The IFC-Milken Institute Capital Markets Program at GW provides mid-career financial professionals from developing and emerging economies with skills to grow their markets and foster global prosperity.
Creating meaningful lives and building prosperous communities—depends on giving people all over the world the ability to succeed regardless of their backgrounds, said financier and philanthropist Mike Milken at the fourth annual Capital Markets Program luncheon.
He predicted that if current global birth and life expectancy rates persist, the world’s population will grow to 21 billion by the year 2100, with the most populous countries being Nigeria and the Congo.
“Billions of additional people will be with us as this century unfolds,” Mike Milken said. “What are they going to be doing?”
As population declines in the United States and Europe and increases in Africa and South Asia, he said, the global economy will become more dependent on the countries where the most people will live, and now is the time to prepare the citizens of those nations for future markets.
“The world's largest asset is human capital,” he said. “If we don't make opportunities for the people in South Asia or sub-Sahara Africa, it won't really make much difference what's occurring in the United States, Europe, Japan, Korea or maybe even China.”
Mike Milken, George Washington University President Thomas LeBlanc, International Finance Corporation (IFC) Vice President and Treasurer John Gandolfo, World Bank Vice President and Treasurer Jingdong Hua and other leaders in finance and development gathered at the Milken Institute School of Public Health Wednesday to celebrate the IFC-Milken Institute Capital Markets Program.
The eight-month graduate-level certificate program is a joint effort of IFC, a member of the World Bank Group focused on the private sector in emerging markets, the Milken Institute and the GW School of Business. It aims to provide mid-career professionals from financial and regulatory institutions across developing and emerging economies with technical expertise as well as hands-on exposure in capital markets. Scholars complete a semester of accredited coursework at GW, followed by internships in the U.S. financial industry. The program is building a network of capital markets champions across developing and emerging economies who can return to their home countries to strengthen their countries’ markets while exploring innovative solutions to pressing social and economic challenges.
This year’s 23 IFC-Milken Institute Scholars, half of whom are women, represented 18 countries in Africa and Asia. The event brought together over 50 high-level guests from the diplomatic community, philanthropy and the private sector to meet with the Scholars—including Capital Markets Program internship providers such as Duff & Phelps, GoldenTree Asset Management, the Harbor Bank of Maryland and Värde Partners.
The event was moderated by Johanna Lincoln, who directs the Capital Markets Program for the IFC and included two panel discussions. Megan McDonald, head of international investment banking at Standard Bank, and Paul Leder, a senior fellow with the Milken Institute’s Global Market Development practice and former director at the U.S. Securities and Exchange Commission, joined Dr. LeBlanc and Mr. Gandolfo in the first panel for a conversation about how well-functioning capital markets could drive progress toward the sustainable development goals. Carole Biau, who directs the program for the Milken Institute and moderated the conversation, encouraged the panelists to explore how the scholars themselves could help to make capital markets work better for long-term growth and shared prosperity.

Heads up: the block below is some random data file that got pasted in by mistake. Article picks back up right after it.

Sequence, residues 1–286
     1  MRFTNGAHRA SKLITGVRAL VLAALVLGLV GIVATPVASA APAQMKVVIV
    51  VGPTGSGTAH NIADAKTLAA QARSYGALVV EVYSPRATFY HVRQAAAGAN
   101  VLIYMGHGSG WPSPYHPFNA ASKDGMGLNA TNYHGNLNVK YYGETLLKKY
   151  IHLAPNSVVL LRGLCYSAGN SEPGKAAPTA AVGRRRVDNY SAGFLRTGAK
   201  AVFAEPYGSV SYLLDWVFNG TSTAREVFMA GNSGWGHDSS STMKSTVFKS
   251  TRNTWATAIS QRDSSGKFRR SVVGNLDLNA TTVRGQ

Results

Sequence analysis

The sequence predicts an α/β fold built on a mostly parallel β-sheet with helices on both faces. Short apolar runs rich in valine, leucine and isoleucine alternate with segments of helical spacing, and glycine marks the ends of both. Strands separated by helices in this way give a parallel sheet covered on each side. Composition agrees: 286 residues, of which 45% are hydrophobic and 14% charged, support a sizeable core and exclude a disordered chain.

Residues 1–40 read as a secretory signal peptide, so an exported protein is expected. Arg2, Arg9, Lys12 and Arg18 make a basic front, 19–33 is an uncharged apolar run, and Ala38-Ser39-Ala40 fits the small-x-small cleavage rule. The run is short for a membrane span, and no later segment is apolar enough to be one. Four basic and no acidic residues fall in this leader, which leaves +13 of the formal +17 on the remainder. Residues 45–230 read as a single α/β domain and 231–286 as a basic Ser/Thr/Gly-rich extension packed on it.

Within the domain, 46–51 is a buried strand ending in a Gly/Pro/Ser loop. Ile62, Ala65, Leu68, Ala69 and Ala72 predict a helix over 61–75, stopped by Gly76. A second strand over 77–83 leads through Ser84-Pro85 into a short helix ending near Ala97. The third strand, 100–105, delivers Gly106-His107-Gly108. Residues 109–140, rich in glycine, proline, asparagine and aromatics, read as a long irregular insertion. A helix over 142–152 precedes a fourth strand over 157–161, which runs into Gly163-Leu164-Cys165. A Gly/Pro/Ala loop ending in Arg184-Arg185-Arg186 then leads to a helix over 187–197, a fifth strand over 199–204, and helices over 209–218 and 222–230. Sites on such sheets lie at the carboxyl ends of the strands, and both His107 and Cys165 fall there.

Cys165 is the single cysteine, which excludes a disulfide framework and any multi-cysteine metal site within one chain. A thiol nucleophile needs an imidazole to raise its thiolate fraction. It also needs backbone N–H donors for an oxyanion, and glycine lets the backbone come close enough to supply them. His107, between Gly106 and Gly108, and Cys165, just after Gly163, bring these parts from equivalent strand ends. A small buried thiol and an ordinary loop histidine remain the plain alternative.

This year’s 23 IFC-Milken Institute Scholars, half of whom are women, represented 18 countries in Africa and Asia.
The second panel featured several of the program’s scholars who spoke with Mike Milken about challenges and opportunities in their countries’ economies and their plans to drive growth when they return.
Tsametse Mmolai, an IFC-Milken Institute Scholar from the Botswana Stock Exchange, said that as his country’s government tries to raise funds to expand domestically generated electricity and lessen dependence on power imports from South Africa, he hopes that capital markets can help finance innovative projects in the energy sector.
“Given the scope of [Botswana’s] land size and the fact we have exposure to sunlight more than most countries, it would be wise of us to explore solar power,” he said.
He said he also hopes to use the skills he learned from the Capital Markets Program to create an underwriting fund to increase capital mobility for small and large business enterprises in Botswana, as bank funding in the country tends to favor large companies.
Obiageri Ndukwe, and IFC-Milken Institute Scholar from the Central Bank of Nigeria, highlighted the potential for capital markets to empower and create better livelihoods for women in Africa. She noted that greater access to finance could create a springboard for women to start businesses, invest in the future of their families and shape their own careers.
Mike Milken said the world is dependent on the Capital Markets Program Scholars becoming experts in different forms of financial technology and structuring deals in the 21st century to achieve a global dream of well-functioning capital markets, global economic transformation, job opportunities and meeting demographic challenges through sustainable development.
“We are all dependent on those [scholars] in this class to figure out how to create opportunities and financial mechanisms for their citizens in the future,” he said. “We can’t wait to see what [they are] able to accomplish.”